MedicalResearch.com Interview with:
Quaker Harmon M.D., Ph.D.
National Institute of Environmental Health Sciences
Research Triangle Park, NC 27709
MedicalResearch.com: What is the background for this study? What are the main findings?
Response: Vitamin D is important for bone health. In the United States many women are vitamin D deficient. Vitamin D does not naturally occur in many foods, however some foods are fortified with vitamin D. Supplements and sunshine are the most reliable sources of vitamin D.
Previous studies suggested that women using birth control pills containing estrogen had higher levels of vitamin D. These studies were generally small and were not always able to examine important factors such as time spent outside. We were interested in examining the association between hormonal contraception and vitamin D levels in a larger group of women.
We found that women who use estrogen-containing contraception had a 20% increase in their vitamin D levels. This increase was not due to time spent outside or behaviors related to choice of contraception. The magnitude of increase for hormonal contraception was smaller than for regular use of a supplement containing vitamin D.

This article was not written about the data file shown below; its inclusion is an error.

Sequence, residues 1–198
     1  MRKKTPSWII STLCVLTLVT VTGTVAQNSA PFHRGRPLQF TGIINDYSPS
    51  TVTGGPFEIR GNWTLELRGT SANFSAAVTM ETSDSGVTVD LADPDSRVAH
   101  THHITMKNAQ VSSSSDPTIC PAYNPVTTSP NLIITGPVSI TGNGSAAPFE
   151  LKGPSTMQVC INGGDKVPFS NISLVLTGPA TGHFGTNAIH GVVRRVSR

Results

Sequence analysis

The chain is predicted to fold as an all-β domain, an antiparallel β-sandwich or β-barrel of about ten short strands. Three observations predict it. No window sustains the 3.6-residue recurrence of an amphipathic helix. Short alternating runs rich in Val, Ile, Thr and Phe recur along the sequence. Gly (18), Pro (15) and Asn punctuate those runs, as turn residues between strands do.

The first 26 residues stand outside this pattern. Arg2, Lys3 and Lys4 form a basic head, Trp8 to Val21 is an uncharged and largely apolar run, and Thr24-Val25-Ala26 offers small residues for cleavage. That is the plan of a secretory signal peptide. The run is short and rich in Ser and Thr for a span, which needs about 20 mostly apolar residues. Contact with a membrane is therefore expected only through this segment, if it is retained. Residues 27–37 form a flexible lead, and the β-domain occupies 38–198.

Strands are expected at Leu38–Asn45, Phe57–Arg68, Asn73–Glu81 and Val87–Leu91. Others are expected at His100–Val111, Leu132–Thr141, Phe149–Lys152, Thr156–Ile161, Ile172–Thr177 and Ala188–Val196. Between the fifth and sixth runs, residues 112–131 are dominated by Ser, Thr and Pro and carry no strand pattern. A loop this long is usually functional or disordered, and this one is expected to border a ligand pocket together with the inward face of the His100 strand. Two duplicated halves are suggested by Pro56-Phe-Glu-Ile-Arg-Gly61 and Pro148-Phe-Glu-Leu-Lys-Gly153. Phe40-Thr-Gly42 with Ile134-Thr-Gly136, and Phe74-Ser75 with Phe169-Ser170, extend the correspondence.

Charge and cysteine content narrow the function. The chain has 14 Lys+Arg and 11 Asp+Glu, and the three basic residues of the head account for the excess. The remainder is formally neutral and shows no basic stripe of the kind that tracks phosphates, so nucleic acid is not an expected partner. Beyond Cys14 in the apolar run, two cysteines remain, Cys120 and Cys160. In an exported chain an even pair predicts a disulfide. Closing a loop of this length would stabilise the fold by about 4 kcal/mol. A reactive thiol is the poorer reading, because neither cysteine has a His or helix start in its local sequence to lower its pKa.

MedicalResearch.com: What should readers take away from your report?
Response: Regular use of supplements containing vitamin D is the most reliable way to increase vitamin D levels. Vitamin D levels are likely to fall when women stop using estrogen-containing contraception. Women who are stopping their birth control to start planning a pregnancy should work with their health care provider to ensure that their vitamin D levels remain adequate while trying to conceive and during pregnancy.
MedicalResearch.com: What recommendations do you have for future research as a result of this study?
Response: Further research is needed to identify the mechanisms through which estrogen-containing contraception influences vitamin D levels. Other research suggests that many vitamin D metabolites may be influenced by supplemental estrogen. We also don’t know how quickly vitamin D levels fall following the discontinuation of hormonal contraception. We are continuing to follow the vitamin D levels in this group of women to track changes over time. We are also working with women from another study to examine changes in vitamin D across the menstrual cycle.
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Use of Estrogen-Containing Contraception Is Associated With Increased Concentrations of 25-Hydroxy Vitamin D
Quaker E. Harmon, David M. Umbach, and Donna D. Baird
JCEM First Published Online: August 04, 2016
http://DOI: http://dx.doi.org/10.1210/jc.2016-1658DOI: http://dx.doi.org/10.1210/jc.2016-1658
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